As is well known, Henry has allergies to bananas, dairy, eggs, peanuts and tree nuts, and when he was very young was sensitive to salicylates
, azo dyes, and some aspect of screen printed ink on many of my T-shirts. He is gradually easing on the egg and milk fronts, in that he can eat foods into which those have been baked or cooked thoroughly, and can eat foods which have been fried in butter, or that contain butter or sour cream cooked into them.
The girls never had evidence worth noting tht they might have allergies. Until now.
Valerie had classic allergy symptoms after eating a peach, skin included, and getting the juice on her skin. She had also drank “peach punch
,” a favorite juice we sometimes buy the kids when it’s on sale for a dollar per half gallon, but I discount that as a direct factor, with reason. Turns out that onset of peach allergy can be a symptom of the onset of birch pollen allergy, naturally manifesting in the spring, and common in our neck of the woods. Processed, peaches or peach juice might not trigger that the same way a raw peach, skin and all, could be expected to, or so I gather.
It has been several months since we needed Benadryl for Henry – approaching a year, perhaps. It took a solid dose of it – initially I gave her a lighter dose based on what I remembered giving Henry when he was younger – but that and washing thoroughly cleared it up. A bit slowly. She had hives all over her belly, was extremely itchy, was red around her mouth, and had one eye get red and puff up almost closed.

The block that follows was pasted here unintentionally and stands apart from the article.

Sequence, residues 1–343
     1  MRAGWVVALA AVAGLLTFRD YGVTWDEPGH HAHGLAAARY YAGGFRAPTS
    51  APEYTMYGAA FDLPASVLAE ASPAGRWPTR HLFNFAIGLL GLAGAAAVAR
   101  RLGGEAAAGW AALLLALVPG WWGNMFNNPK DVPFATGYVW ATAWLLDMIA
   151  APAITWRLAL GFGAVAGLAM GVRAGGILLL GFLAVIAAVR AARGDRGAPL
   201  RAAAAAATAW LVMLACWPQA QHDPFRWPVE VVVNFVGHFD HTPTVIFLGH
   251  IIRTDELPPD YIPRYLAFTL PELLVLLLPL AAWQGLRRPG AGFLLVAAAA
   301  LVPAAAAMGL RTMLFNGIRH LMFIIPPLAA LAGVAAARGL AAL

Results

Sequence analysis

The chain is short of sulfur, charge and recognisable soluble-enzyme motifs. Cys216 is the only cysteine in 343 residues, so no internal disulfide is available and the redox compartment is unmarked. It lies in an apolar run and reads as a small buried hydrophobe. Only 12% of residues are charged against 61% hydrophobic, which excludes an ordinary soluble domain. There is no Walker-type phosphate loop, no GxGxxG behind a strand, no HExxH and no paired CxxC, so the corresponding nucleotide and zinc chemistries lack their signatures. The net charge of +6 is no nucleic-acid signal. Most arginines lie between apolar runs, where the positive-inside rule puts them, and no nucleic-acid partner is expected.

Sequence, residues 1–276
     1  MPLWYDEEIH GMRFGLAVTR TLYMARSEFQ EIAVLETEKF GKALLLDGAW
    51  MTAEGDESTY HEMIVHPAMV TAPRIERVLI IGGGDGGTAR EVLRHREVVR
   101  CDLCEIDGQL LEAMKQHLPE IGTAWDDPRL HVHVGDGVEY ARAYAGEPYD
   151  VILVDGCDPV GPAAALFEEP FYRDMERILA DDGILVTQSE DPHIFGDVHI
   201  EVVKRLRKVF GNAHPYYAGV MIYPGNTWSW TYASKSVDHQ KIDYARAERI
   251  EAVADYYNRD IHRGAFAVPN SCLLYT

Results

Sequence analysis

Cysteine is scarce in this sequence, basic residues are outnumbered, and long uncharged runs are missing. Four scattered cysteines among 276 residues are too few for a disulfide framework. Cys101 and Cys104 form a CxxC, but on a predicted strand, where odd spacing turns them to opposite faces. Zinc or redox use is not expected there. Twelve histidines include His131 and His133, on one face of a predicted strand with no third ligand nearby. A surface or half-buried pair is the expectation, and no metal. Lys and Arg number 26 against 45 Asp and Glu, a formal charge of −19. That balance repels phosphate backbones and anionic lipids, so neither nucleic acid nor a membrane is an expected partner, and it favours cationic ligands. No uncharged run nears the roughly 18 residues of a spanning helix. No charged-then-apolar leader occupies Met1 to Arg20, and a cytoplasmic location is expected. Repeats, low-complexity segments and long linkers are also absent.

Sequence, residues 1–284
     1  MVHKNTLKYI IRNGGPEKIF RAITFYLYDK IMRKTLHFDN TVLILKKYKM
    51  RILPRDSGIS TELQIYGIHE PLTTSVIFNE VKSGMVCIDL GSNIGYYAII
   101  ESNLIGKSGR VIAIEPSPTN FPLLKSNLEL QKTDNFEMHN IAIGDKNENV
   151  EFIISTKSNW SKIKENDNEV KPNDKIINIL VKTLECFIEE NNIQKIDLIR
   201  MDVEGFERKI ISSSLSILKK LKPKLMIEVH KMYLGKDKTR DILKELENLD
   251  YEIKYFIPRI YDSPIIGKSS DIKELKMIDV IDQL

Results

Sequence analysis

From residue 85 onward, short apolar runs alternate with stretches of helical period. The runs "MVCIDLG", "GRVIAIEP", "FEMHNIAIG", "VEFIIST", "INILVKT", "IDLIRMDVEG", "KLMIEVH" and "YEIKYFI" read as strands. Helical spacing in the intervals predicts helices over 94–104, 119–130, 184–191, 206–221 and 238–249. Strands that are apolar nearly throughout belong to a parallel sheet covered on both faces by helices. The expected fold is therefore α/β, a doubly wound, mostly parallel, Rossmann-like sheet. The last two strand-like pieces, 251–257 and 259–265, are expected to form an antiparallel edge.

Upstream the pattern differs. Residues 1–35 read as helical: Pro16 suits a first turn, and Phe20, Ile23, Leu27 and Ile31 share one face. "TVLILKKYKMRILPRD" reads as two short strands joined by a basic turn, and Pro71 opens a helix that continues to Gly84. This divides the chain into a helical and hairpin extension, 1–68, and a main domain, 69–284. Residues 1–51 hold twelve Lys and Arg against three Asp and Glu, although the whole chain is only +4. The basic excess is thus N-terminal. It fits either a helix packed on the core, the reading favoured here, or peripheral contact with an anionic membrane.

I called the doctor’s office and they lined up a prompt appointment with the allergist. Early next week will be busy! Sunday there’s a beach get-together the kids and I are going to, centered around a friend visiting from Oregon. Monday Valerie has two sessions of evaluations at the kindergarten, seeing just what help she may need with school and how she should be placed. Then we have a brief get-together with someone I haven’t seen since 1976, visiting from Minnesota.
On Tuesday afternoon it’s Valerie’s allergy testing. Should be interesting, since she’ll get a battery of them, and they are notorious for showing allergies that have never been seen to exist in actual practice. Like my grandniece with the peanut allergy that isn’t. Which I suspect may be true with Henry, since that’s the one thing he never showed signs of at all. In his case we won’t take chances, though.